On Oct. 1, theU. S.government will enter the 2013 fiscal year without a budget — not so unusual in recent years as lawmakers attempt to deal with mounting deficits and pressures to increase spending.
A likely Continuing Resolution, legislation that cleared the U. S. House on Thursday, promises to hold spending across the government at 2012 levels for six months beyond Oct. 1 — allowing the November presidential and congressional elections to come and go — if necessary, to ensure some stability.
But on Jan. 2, the CR could give away to a new law, the Budget Control Act of 2011, passed with bi-partisan support by the House and Senate to impose a mandatory $1.2 trillion reduction in the national deficit through 2021. Coming in the midst of a long running recovery from a national recession and high unemployment, sequestration will throw the U. S. back into an economic slump and lead to a rise in unemployment, some experts warn.
Some characterize sequestration in combination with expiring federal cuts as worrisome “fiscal cliff,” a term coined earlier this year by the U. S. Federal Reserve chairman Ben Bernanke.
On Friday, the White House Office of Management and Budget released a near 400 page report on the impact of the budget control legislation, if it is not changed prior to Jan. 2. In all, 1,200 federal accounts were studied.
NASA’s budget, cut from $18.44 billion in 2011 to $17.7 billion in 2012 would face an 8.2 percent reduction across most of its accounts — space operations, exploration, science, aeronautics and space technology included.
“As the Administration has made clear, no amount of planning can mitigate the effect of these cuts. Sequestration is a blunt and indiscriminate instrument,” the OMB said in the opening pages of the report. “It is not the responsible way for our nation to achieve deficit reduction. It is time for Congress to act. Members of Congress should work together to produce a balanced plan that achieves at least the level of deficit reduction agreed to in the Budget Control Act that the President can sign to avoid sequestration.”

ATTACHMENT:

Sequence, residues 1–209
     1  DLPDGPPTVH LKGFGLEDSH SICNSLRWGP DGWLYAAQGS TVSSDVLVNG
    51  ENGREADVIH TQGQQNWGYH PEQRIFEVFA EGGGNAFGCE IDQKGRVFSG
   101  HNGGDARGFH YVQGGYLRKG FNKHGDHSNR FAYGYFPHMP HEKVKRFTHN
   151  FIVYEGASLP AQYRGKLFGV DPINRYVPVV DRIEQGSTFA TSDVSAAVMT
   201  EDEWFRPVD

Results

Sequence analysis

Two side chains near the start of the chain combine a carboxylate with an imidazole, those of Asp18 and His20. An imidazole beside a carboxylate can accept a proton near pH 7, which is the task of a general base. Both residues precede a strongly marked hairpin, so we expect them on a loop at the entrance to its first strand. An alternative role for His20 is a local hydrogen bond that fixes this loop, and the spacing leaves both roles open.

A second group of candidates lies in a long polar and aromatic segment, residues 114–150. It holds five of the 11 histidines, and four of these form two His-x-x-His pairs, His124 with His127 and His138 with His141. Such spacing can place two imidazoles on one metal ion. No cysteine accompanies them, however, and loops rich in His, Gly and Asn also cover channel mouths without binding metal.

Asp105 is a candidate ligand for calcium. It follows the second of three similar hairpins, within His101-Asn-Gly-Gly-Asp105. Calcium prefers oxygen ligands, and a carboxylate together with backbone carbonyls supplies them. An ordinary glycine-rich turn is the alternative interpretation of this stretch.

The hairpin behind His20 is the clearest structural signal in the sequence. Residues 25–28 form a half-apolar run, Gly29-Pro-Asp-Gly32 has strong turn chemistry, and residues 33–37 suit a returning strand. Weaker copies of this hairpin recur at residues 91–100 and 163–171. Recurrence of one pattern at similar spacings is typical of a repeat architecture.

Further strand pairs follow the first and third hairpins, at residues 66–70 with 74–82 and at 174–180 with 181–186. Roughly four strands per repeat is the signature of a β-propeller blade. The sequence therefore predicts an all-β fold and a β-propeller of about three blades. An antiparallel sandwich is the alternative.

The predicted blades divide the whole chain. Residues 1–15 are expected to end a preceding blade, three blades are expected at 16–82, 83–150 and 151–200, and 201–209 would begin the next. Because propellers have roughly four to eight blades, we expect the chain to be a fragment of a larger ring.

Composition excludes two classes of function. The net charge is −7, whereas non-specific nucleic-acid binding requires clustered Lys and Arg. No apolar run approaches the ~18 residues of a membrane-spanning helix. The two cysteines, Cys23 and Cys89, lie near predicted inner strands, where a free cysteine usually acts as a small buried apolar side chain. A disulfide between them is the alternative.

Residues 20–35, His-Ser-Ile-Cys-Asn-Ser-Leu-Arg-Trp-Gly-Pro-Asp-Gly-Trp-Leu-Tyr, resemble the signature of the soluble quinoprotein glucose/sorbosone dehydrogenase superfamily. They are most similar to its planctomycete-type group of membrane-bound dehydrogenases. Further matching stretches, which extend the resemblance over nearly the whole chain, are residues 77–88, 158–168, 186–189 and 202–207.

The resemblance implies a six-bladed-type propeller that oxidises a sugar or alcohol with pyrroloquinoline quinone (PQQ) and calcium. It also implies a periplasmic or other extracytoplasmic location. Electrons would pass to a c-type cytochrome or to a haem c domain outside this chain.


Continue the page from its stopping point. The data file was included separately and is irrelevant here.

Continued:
The Congressional Budget Office has studied the issue this year as well, concluding that sequestration threatens to throw theU. S.economy back into recession.
“Policymakers face difficult trade-offs in deciding how quickly to implement policies to reduce budget deficits,” the CBO noted. “In addition, and particularly important given the current state of the economy, immediate spending cuts or tax increases would represent an added drag on the weak economic expansion.”
The Aerospace Industries Association, which represents the nation’s major aerospace contractors, has been especially vocal in its warning as the specter of sequestration approaches. The toll will include an estimated 2.1 million job losses, according to the AIA, which warns that in addition to weakening a fragile economy sequestration will jeopardize the U. S. military.
“The OMB Report Pursuant to the Sequestration Transparency Act of 2012 is the final nail in the coffin for pollyannas still pretending that sequestration wouldn’t be that bad,” Marion Blakey, the AIA’s CEO and president, said in response to the OMB’s report. “Indeed, it confirms what virtually every expert to study the problem has found — that such abrupt, indiscriminate cuts would be an economic and policy disaster for the United States of America.”
Job losses are predicted for virtually every U. S.sector: manufacturing, construction, retail, education and health, state and local government as well as the federal workforce, according to the AIA’s research.